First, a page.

- All Over the Map: True Heroes of Texas Music by Michael Corcoran
By Michael Corcoran. Denton: University of North Texas Press, 2017. 308 pp. Illustrations, index. $29.95 cloth.
In this Texas music almanac, Corcoran brings together the life stories, careers, and anecdotes of forty-two musicians and producers with strong ties to the Lone Star State. Although this is not an academic book and therefore does not have a theoretical framework, it manages to capture over a century of history of Texas music, drawing on testimonials and other primary [End Page 213] sources as well as personal experience and—of course—music itself.
Corcoran maps out the networks established through musicians’ journeys and migrations to and from Texas, exploring the richness of Texas sounds and their influence on the conformation of several musical styles, including electric blues, gospel, and honky-tonk, to name a few. Through musicians’ stories, Texas is presented as a land of song influenced by the sounds of both near and far places that reached the southern state through the historic movements of peoples: from neighboring New Orleans jazz and south-of-the-border rancheras, to German and Czech polkas and yodels. We can further deduce the geographic trajectories of Texas music through Corcoran’s chronicles of the travels of artists to the music industry metropolises of the United States, namely Los Angeles, New York, and—given the centrality of country music in the book—Nashville.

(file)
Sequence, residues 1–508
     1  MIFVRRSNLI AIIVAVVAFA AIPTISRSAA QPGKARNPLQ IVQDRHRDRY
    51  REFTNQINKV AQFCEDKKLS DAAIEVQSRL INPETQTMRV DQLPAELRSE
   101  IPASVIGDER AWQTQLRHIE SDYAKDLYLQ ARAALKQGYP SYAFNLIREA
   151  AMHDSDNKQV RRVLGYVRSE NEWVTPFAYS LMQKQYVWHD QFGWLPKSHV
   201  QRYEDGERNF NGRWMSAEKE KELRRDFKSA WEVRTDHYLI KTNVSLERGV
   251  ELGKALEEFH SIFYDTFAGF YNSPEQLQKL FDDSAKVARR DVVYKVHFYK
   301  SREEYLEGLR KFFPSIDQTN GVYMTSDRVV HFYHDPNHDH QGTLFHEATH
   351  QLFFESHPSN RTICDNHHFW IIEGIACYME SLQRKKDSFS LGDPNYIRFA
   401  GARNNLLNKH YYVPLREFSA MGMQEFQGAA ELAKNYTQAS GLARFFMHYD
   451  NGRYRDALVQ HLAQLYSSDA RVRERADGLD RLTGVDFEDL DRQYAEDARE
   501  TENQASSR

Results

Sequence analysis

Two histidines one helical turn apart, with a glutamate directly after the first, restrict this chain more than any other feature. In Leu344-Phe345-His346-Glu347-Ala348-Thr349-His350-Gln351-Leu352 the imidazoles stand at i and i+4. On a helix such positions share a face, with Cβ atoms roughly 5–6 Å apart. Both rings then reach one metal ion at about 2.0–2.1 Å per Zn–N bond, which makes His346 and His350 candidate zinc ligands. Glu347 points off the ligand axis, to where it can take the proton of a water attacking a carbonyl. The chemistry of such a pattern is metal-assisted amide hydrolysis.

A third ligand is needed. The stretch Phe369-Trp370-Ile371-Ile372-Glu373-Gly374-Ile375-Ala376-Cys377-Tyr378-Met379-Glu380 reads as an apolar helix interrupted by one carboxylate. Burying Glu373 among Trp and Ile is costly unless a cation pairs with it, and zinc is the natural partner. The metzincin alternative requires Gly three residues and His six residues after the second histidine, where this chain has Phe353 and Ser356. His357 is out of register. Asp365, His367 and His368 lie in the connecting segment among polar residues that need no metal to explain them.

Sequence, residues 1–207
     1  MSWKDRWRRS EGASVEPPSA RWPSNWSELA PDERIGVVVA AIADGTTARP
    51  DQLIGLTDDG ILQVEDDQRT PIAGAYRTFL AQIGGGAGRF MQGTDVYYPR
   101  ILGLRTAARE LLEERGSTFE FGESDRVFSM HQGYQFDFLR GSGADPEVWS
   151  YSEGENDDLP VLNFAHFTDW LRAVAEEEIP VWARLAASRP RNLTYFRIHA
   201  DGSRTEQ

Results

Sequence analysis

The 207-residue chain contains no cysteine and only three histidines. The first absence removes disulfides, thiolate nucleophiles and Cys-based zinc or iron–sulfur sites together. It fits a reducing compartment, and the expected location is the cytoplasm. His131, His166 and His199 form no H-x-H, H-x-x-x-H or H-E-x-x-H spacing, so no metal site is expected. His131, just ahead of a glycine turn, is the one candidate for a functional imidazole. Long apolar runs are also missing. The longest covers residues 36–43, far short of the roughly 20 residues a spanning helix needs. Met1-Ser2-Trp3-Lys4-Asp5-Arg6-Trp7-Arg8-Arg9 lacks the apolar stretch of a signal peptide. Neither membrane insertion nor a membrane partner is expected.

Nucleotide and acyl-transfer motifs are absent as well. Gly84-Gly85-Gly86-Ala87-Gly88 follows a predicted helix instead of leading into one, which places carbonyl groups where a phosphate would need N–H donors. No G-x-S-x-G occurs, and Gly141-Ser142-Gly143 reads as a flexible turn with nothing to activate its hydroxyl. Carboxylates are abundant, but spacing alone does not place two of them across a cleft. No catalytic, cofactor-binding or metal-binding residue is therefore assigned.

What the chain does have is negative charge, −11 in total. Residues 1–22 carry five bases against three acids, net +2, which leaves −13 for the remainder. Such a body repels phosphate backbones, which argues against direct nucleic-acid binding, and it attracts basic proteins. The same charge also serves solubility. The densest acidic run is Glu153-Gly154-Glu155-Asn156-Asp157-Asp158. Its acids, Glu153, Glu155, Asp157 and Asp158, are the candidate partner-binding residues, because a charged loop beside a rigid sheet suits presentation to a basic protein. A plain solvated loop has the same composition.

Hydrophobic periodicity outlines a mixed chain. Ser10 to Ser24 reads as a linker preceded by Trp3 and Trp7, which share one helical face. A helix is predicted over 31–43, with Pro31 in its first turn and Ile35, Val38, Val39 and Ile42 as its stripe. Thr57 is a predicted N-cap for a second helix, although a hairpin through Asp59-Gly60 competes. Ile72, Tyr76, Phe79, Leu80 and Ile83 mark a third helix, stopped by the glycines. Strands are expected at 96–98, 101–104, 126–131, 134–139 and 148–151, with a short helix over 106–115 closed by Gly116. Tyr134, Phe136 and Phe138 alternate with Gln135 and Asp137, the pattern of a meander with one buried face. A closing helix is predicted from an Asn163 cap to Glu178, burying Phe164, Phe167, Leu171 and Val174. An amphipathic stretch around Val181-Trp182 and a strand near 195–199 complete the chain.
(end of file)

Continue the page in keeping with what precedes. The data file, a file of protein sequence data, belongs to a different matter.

While Corcoran’s subjects encompass a wide array of musical styles (he has chapters on the Geto Boys and DJ Screw, and their “Dirty South” sound, as well as on Selena, the queen of Tex-Mex and unofficial queen of cumbia), most of the musicians he writes about seem to fall into typically southern music styles, like the blues, gospel, country, and their multiple and complex subgenres.
Corcoran’s craft as a newspaper columnist shines through and, alongside the many black-and-white photographs, makes the book an easy and enjoyable read. In spite of this, at times it can be somewhat confusing and hard to follow given the number of names dropped in the space of a few pages (not unlike Tolkien’s epics or García Marquez’s novels); however, this is necessary to achieve the nuanced descriptions of the life and times of these “true heroes of Texas music” and their wonderful works.
Throughout All Over the Map Corcoran manages to open up a window to a world of music, both tragic and beautiful, that is largely unknown to those of us who are outsiders to Texas and its musical hinterland. What is more, he shines a light on many overlooked and forgotten musicians who, throughout their lives, contributed greatly to music in Texas and beyond.